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In Santa Barbara, a Rally to Save the News-Press, and a Free Press

July 19, 2006|Catherine Saillant | Times Staff Writer

As reporter Scott Hadly peered out over the more than 500 people gathered Tuesday to protest newsroom changes at the Santa Barbara News-Press, he told the crowd that he was gratified -- and a bit surprised -- by the strong turnout.

"Journalists usually are regarded below lawyers in people's perceptions," said Hadly, 42, one of nine News-Press staffers who have resigned in recent weeks over ethical clashes with the paper's billionaire owner, Wendy McCaw. "This is just incredible."

During a 45-minute midday rally at which journalists, community activists and the mayors of three cities spoke, the crowd erupted into cheers whenever the journalists who departed were mentioned. Some at the rally walked over to a group of reporters who remain on the job, but have been ordered not to talk, to offer hugs and words of support.

Many at Tuesday's rally said they came to show support not only for the News-Press staff but for the larger issues at stake.

"The press in this country has been intimidated enough," said Ann Bermingham, a Santa Barbara teacher. "I won't let that happen in my community. If we don't have a free press, how do we know what's really going on?"

Added Bob Jordan, a Carpinteria resident: "It's like when businessmen cook the books. These people want to cook my local paper."

Andrew Kohut, executive director of the Pew Research Center for the People and the Press, said the percentage of people saying they don't trust or believe the news media is at its highest in two decades. But if you look at the numbers closely, a more complex picture emerges, he said.

"What the polls show is that local news is the news that the public is most connected to," Kohut said. "Despite declining news audiences, at least 40% of the public reads a newspaper on a typical day. And if you're focusing on local community news, a newspaper plays an even more dominant role."

Subscribers become attached to their local paper so long as it keeps up its end of the bargain by printing trustworthy information, said Bryce Nelson, a journalism professor at USC's Annenberg School for Communication.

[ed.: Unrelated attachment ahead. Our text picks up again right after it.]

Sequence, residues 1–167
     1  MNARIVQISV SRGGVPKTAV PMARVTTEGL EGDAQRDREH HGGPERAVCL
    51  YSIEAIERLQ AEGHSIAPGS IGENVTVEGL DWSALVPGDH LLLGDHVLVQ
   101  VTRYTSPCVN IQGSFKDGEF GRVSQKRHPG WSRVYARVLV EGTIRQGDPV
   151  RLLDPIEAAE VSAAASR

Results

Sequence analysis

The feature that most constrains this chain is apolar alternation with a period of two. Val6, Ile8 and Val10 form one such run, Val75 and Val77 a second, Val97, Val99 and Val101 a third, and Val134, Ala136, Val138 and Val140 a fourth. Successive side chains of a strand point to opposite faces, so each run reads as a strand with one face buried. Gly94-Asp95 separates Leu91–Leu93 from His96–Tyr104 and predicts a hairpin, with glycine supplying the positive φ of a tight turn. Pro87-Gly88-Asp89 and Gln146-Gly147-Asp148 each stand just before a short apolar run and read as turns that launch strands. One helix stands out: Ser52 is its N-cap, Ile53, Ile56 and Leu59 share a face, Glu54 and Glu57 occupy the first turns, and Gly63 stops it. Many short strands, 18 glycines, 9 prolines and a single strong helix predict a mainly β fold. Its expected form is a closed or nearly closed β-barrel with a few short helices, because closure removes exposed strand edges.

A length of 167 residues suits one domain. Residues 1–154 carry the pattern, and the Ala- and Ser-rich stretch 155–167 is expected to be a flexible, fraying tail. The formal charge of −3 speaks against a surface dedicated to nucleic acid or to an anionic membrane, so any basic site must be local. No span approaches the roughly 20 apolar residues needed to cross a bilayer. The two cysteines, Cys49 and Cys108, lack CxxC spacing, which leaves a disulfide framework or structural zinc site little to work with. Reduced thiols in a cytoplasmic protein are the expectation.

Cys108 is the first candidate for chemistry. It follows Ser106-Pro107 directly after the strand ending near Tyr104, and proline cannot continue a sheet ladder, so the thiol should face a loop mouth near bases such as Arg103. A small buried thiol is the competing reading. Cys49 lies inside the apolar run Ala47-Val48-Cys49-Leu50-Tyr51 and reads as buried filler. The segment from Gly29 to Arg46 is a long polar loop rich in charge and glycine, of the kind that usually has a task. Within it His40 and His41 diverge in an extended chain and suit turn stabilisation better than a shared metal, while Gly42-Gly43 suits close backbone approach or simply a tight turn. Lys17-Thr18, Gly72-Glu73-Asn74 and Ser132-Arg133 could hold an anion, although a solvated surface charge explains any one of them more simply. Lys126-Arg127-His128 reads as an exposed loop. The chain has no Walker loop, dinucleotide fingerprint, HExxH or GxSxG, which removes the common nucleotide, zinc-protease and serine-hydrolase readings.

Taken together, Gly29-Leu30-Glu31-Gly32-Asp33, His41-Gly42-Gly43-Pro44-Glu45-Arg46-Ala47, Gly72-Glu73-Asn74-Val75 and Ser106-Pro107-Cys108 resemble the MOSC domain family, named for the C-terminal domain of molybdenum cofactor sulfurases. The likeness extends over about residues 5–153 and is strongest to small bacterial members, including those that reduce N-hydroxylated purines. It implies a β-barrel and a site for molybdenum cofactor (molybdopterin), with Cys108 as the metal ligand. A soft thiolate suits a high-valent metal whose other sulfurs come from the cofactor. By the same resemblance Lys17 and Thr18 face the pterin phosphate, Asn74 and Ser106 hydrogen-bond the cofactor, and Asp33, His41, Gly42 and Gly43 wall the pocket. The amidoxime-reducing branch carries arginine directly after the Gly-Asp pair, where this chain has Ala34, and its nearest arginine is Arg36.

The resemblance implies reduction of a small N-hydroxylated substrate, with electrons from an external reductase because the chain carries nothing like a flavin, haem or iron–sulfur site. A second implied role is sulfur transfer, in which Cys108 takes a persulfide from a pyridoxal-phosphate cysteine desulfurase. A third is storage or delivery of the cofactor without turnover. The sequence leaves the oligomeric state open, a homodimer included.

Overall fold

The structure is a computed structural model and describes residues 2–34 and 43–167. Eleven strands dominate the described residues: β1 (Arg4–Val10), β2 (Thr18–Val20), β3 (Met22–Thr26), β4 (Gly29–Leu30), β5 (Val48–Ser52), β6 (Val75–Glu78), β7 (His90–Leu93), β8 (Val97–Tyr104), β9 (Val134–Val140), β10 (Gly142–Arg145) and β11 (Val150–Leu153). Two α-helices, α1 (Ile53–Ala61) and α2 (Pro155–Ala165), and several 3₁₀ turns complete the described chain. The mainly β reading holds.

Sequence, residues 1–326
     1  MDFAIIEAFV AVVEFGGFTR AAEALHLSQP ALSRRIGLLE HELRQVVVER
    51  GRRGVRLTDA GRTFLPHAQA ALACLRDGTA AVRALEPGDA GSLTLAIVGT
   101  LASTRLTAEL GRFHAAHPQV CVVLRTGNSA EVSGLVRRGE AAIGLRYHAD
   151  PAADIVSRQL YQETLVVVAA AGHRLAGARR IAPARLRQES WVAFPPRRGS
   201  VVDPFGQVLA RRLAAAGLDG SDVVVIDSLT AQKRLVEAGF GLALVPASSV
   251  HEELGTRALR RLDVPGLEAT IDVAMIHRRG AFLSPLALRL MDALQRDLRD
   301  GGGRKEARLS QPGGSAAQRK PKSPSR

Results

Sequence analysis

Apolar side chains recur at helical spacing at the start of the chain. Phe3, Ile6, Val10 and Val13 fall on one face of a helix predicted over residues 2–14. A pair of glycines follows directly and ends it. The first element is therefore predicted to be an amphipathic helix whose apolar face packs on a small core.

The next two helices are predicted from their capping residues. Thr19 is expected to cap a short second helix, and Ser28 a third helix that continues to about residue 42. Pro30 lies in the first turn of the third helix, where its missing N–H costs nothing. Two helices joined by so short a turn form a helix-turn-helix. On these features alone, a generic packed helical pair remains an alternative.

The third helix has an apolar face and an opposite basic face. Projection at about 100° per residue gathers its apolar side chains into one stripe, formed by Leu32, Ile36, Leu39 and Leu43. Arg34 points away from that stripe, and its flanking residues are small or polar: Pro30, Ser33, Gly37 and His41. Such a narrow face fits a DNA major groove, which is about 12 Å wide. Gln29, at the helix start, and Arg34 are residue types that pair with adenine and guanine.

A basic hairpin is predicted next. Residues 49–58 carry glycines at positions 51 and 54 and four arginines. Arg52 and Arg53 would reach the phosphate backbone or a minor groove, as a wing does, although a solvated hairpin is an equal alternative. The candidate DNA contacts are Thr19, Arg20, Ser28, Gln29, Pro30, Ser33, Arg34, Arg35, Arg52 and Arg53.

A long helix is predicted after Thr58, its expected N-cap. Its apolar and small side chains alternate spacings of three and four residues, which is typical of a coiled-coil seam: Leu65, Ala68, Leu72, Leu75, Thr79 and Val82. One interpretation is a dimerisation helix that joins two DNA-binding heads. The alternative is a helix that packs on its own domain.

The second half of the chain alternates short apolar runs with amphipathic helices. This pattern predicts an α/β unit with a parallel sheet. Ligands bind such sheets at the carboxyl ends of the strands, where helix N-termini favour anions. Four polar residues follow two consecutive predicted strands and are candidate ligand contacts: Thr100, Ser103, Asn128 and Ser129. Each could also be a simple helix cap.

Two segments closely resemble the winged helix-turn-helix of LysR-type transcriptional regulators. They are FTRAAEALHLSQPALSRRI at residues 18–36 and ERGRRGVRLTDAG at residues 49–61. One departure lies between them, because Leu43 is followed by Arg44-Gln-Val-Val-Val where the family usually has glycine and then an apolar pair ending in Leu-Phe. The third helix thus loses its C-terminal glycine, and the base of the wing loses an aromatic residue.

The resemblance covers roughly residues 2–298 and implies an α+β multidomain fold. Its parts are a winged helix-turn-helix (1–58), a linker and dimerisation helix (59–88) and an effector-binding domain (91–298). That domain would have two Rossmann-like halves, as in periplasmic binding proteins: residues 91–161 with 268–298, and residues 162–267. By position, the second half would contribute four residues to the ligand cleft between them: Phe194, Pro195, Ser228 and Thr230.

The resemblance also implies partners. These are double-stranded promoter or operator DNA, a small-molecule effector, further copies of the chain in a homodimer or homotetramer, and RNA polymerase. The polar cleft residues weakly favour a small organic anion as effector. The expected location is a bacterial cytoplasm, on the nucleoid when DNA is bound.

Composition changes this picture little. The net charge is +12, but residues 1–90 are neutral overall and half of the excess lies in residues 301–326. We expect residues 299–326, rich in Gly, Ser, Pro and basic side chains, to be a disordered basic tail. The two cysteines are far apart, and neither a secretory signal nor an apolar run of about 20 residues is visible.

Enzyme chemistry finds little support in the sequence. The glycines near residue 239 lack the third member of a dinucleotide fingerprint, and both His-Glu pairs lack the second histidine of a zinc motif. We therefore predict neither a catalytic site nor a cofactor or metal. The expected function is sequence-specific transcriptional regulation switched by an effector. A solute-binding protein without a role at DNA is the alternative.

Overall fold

"It takes decades to build up good will and trust," Nelson said. McCaw "has violated a trust between readers and her paper."

Indeed, the Santa Barbara community has lined up solidly behind the journalists who resigned. The former employees said that McCaw and her acting publisher, former editorial writer Travis Armstrong, were killing stories or ordering changes be made to them.

McCaw censured three editors and a reporter for printing the address of actor Rob Lowe in a development story, even though the paper at the time had no policy against doing so, the former employees said.

The paper killed a June story about Armstrong's sentencing for drunk driving, and Armstrong told a reporter to rewrite a story to make it more critical of a Carpinteria councilwoman whom he had taken to task on the editorial pages, the journalists said.

McCaw then appointed Armstrong acting publisher and gave him control over the news pages. On July 6, five top editors, including respected Editor Jerry Roberts and longtime columnist Barney Brantingham, walked out.

Armstrong killed a story that Hadly had written about the exodus, the reporter said. Instead, Armstrong ran a front-page editorial the next day characterizing the unrest as a family dispute.

As more people resigned, McCaw, who is vacationing in Europe, issued her own front-page statement, accusing the departed employees of injecting "personal opinion" into news stories.

The News-Press ran its first news account of the widening uproar on Saturday, nine days after the first defections.

At Tuesday's rally, loud boos erupted when speaker Marc Chytilo, a local environmental activist, informed the crowd that McCaw's attorneys had sent letters to two former editors and Brantingham, threatening a lawsuit if they continued to speak out.

"Shame! Shame! Shame" howled the crowd at De La Guerra Plaza, located next to the Spanish-style building that houses the News-Press offices.

Agnes Huff, a spokeswoman for the paper, said the attorneys' letters were not intended to silence the former News-Press journalists but to protect proprietary information that they might divulge.

"The News-Press, like all employers, has the right to request that internal matters remain within the company," Huff said.

As for the rally, McCaw "respects the right of all citizens to exercise the right of free speech and assembly," Huff said.

The paper is committed to providing high-quality journalism, she said, and will continue to do so.

Santa Barbara Mayor Marty Blum, one of three mayors who addressed the crowd, said regaining the trust of the community will be difficult.

"How do you get trust back? That's hard," Blum said. McCaw "might have to sell the paper."

Jonny Wallis, mayor of Goleta, and Brad Stein, mayor of Carpinteria, also made comments.

Hadly told the crowd that management had rejected the request of remaining staff members to form a union.

He also said that his former colleagues loved their jobs and worked up to 14 hours a day. They left only when it became clear that McCaw would continue to violate journalistic standards, Hadly said.

Rally organizer David Pritchett, a community activist, told the crowd that McCaw and Armstrong should restore the journalistic wall that traditionally separates the news pages from opinion.

"To paraphrase a very popular president from the 1980s, Ms. McCaw, build back that wall!" Pritchett said.

The crowd erupted in cheers.

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